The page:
The Ocean is the planet’s largest ecosystem, regulating the climate, and providing livelihoods for billions. But its health is in danger. The second UN Ocean Conference, due to take place in June, will be an important opportunity to redress the damage that mankind continues to inflict on marine life and livelihoods.
The goal to limit future warming to 1.5 degrees Celsius, highlighted in the Paris Agreement on climate change, and driven home in last November’s COP26, gathering in Glasgow, is now on “life support” and “in intensive care,” the UN chief told the Economist Sustainability Summit on Monday.
The solutions to restore the health of the ocean – which provides us with oxygen, food and livelihoods – are out there, and in 100 days they will be in the spotlight in Lisbon, Portugal, at the second UN Ocean Conference.
Gender equality is essentially “a question of power” that for millennia, has, “to the detriment of all”, been mostly in the hands of men, the UN chief told a town hall meeting on Wednesday, devoted to the issue.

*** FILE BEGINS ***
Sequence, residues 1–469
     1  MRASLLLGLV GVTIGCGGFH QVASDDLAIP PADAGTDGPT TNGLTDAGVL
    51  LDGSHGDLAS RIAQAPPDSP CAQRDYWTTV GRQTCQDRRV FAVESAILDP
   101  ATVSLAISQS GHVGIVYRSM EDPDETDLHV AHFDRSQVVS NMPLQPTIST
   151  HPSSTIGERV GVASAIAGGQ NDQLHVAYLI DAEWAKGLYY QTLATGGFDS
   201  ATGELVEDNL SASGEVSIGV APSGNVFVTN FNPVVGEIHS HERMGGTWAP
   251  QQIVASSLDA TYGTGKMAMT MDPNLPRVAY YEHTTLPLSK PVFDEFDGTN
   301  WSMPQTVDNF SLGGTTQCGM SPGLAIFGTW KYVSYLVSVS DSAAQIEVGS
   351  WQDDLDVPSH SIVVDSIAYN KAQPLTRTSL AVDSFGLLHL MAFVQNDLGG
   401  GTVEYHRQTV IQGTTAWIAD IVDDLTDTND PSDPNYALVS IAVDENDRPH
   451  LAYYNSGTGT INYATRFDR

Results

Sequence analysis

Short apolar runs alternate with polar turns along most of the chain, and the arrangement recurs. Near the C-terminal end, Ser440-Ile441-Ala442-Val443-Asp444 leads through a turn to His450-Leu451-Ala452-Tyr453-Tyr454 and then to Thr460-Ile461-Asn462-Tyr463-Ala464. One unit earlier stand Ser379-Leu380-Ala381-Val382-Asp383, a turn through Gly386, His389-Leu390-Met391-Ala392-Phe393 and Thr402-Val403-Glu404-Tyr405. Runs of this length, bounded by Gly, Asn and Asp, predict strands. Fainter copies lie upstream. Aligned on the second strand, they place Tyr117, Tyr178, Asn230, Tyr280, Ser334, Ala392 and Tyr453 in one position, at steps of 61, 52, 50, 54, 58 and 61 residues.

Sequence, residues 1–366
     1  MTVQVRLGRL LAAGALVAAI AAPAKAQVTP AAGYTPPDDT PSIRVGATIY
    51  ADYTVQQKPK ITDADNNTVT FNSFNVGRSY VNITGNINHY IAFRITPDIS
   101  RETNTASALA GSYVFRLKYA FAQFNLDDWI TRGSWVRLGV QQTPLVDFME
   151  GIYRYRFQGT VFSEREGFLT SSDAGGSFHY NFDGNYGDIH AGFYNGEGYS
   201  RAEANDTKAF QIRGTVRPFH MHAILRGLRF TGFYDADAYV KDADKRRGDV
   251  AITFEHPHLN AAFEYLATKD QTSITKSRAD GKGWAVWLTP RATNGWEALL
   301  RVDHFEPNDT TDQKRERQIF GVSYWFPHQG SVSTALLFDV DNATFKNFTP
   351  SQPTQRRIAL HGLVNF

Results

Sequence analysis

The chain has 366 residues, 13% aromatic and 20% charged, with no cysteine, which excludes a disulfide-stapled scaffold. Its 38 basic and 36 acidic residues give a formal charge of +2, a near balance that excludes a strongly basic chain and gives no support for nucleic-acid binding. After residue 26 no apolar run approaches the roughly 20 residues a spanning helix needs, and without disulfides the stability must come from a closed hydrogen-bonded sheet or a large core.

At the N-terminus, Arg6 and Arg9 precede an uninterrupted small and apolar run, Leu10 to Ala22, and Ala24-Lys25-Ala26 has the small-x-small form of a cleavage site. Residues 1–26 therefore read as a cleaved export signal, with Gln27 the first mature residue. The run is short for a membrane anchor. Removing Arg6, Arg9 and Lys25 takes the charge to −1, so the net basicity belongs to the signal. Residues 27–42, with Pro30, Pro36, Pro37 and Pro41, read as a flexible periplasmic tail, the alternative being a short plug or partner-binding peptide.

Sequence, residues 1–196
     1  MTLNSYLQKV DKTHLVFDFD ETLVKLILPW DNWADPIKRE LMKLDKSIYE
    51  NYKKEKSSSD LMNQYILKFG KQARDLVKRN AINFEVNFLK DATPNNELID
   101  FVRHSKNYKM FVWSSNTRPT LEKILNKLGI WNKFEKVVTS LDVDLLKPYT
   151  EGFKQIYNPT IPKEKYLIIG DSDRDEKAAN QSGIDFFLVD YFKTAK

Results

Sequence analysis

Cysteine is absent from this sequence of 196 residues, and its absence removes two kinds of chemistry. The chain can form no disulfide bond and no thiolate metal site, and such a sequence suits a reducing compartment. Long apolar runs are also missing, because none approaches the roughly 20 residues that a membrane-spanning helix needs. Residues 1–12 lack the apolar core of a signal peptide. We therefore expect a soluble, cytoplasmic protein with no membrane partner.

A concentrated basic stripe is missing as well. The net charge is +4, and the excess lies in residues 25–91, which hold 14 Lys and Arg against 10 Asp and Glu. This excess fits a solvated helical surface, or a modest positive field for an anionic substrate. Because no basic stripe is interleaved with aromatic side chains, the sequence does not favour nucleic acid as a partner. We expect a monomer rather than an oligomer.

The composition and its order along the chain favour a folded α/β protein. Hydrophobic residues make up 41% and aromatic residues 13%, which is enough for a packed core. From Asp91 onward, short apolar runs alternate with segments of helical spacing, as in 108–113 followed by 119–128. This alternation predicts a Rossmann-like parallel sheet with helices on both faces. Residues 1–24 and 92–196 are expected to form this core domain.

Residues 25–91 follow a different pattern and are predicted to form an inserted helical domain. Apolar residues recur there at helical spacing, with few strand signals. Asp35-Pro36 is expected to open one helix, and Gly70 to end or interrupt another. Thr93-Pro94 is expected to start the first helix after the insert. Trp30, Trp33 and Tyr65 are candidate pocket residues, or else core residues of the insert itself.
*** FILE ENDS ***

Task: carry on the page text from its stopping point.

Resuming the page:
To forge a sustainable future for us all, “women and girls must be front and centre, leading the way”. Secretary-General António Guterres told the opening session of the Commission on the Status of Women (CSW) on Monday.
UN scientists on Monday delivered a stark warning about the impact of climate change on people and the planet, saying that ecosystem collapse, species extinction, deadly heatwaves and floods are among the "dangerous and widespread disruptions” the world will face over the next two decades due to global warming.
The impacts of climate change are already “very visible” and “happening worldwide”, the head of the UN weather agency told the start of the 55th Session of the UN’s Intergovernmental Panel on Climate Change (IPCC) which convened on Monday.
Of the many agreements and initiatives announced at the 26th UN Climate Conference (COP26) in Glasgow, the UN Climate Communications Lead at the Department of Global Communications narrowed down the three that she deemed most impactful.